Open vision bar
AP Literature

Center for Innovation (North and South Laurel High Students)


AP English Literature and Composition Syllabus


Teacher:  Ms. Deana Nantz


Course Overview


* This Advanced Placement Literature and Writing course is designed to immerse students into an English academic discourse community.  Students will critically read classical works of literature, evaluate author technique, write collegiate essays using analysis and synthesis, conduct writing workshops, improve test-taking skills, and develop a literary and rhetorical vocabulary. Think of this class as a way to broaden your world view by connecting to great authors of the past through meaningful reading, writing, and discussion.


*I may not choose the same novels (from a unit) every year or follow the same sequence of units; however, the same concepts will be addressed from whatever work of literature chosen.  You will always have a body of poetry to analyze, a weekly multiple choice practice, an outside reading assignment (that may include novel, play, or short fiction reading), and a writing deadline.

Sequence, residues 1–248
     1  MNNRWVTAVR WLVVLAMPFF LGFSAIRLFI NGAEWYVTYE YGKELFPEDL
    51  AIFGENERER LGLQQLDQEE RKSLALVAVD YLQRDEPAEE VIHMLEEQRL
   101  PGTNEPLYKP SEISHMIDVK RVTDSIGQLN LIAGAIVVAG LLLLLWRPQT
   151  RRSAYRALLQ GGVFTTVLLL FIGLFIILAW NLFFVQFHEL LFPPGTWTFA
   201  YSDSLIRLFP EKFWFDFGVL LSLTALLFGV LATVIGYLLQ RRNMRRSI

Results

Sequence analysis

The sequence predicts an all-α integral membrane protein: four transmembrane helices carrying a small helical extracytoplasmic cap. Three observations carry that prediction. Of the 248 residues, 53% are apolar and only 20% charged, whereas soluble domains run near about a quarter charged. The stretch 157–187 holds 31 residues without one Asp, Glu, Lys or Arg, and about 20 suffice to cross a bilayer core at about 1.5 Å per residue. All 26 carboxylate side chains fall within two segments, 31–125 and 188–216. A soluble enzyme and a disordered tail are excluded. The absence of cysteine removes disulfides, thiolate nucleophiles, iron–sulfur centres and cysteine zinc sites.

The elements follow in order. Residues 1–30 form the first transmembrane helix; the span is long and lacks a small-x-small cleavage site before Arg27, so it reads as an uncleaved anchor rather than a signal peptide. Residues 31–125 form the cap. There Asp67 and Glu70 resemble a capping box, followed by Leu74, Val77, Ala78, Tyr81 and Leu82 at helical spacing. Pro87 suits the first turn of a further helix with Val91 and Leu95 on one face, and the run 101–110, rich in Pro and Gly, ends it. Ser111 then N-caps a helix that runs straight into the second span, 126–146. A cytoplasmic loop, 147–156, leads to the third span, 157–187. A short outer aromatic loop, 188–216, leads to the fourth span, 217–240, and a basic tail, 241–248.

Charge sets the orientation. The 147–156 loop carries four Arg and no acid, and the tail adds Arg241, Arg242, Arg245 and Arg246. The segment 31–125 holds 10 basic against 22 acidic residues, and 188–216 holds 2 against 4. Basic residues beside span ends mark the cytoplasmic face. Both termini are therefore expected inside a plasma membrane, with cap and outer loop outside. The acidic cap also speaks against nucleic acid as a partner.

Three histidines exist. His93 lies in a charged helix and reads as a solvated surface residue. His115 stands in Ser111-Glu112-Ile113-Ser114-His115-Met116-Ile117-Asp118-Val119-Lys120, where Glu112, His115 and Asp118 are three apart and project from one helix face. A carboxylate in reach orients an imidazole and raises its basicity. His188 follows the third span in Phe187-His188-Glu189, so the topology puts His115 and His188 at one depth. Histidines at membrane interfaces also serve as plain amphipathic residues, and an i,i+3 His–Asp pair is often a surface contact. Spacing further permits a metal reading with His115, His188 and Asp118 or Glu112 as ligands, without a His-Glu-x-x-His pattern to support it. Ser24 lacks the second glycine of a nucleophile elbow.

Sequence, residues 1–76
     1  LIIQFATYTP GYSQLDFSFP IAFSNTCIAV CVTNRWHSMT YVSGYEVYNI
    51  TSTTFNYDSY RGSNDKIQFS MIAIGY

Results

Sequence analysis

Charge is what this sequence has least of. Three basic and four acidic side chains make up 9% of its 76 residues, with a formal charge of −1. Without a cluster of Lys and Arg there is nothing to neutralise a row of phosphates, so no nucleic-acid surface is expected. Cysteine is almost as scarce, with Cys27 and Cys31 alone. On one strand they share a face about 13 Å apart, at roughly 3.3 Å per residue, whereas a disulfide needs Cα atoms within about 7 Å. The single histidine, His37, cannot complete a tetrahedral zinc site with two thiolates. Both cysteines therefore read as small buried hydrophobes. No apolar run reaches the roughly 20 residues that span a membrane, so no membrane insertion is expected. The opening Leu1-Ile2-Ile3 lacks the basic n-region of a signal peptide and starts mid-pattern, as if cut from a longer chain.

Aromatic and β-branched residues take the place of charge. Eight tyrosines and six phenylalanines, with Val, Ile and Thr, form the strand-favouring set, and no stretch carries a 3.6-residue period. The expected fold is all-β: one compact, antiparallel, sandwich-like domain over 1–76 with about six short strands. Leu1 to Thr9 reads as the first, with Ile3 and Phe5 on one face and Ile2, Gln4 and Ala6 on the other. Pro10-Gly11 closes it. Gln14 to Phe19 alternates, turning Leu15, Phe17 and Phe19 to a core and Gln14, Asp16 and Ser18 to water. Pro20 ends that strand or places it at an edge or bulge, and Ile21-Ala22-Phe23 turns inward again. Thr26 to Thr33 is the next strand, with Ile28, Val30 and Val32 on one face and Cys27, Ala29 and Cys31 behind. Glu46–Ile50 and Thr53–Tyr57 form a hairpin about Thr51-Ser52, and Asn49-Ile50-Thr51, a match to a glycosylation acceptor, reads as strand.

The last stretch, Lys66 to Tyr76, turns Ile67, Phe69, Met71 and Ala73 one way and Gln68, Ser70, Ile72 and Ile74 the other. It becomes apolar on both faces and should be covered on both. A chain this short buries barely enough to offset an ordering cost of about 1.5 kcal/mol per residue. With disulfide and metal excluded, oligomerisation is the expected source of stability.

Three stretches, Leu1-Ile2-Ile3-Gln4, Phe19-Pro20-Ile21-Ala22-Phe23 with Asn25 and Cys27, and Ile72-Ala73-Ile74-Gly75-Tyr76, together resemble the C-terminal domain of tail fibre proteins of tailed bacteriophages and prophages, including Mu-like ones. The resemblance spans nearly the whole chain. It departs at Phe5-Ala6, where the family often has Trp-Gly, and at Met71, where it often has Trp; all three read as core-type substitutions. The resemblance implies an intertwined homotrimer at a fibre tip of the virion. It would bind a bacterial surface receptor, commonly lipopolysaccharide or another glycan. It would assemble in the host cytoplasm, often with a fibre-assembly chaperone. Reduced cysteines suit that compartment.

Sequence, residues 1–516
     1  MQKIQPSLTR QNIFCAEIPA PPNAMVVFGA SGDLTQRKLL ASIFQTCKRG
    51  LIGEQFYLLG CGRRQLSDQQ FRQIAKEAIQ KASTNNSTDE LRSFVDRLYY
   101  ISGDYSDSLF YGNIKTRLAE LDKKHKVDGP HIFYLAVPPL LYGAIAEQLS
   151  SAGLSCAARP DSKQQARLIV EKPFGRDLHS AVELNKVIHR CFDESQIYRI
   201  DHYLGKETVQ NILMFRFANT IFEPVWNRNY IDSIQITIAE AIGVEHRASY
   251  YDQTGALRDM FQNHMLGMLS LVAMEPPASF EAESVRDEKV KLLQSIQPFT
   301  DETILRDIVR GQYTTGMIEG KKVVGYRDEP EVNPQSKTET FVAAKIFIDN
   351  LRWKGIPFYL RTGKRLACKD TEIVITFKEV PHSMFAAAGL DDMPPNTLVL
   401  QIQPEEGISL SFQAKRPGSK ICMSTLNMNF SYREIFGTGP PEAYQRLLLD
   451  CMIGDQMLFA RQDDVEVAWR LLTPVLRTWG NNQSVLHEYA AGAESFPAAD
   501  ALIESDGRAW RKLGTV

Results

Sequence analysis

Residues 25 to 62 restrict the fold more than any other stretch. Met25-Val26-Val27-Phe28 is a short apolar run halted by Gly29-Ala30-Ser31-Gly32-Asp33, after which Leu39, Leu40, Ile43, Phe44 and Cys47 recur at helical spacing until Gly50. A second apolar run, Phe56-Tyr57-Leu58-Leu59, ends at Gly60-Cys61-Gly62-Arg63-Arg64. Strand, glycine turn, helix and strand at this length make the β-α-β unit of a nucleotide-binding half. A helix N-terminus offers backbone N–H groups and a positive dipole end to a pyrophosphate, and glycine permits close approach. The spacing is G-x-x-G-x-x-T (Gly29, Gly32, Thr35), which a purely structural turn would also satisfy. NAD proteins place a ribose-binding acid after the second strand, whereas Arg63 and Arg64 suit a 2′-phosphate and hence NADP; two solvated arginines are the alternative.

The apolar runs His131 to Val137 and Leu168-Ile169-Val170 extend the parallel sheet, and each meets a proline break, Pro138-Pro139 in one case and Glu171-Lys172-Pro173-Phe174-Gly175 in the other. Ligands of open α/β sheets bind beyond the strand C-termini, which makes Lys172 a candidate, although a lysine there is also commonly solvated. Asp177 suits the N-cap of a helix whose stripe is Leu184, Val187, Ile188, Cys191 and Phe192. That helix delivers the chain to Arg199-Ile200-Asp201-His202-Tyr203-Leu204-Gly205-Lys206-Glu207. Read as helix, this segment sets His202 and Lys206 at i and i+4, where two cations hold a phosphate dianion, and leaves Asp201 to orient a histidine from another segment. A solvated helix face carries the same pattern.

*GrammarGrammar instruction will be taught through writing and will focus on improving skills, usage, and style.


*Our year is divided into 9-week quarters.  Expect two major unit tests and two major writing assignments for each quarter.  Term papers are due at the end of every semester.


*Successful completion of AP English provides one course credit.  Although it is not required that students take the AP Exam in the spring, it is highly recommended.  A score of three or above on the exam is accepted at Most colleges and universities as the equivalent of three colleges credit hours (1 course). 


*This course is designed to comply with the curricular requirements described in the AP English Course Description


1st Semester:  Composition and Theory

Course / Planner / Student Activities

August:  Introduction to AP English, poetry, and the elements of fiction

*Philosophy behind AP English, why we study literature, and what it means to belong to an English discourse community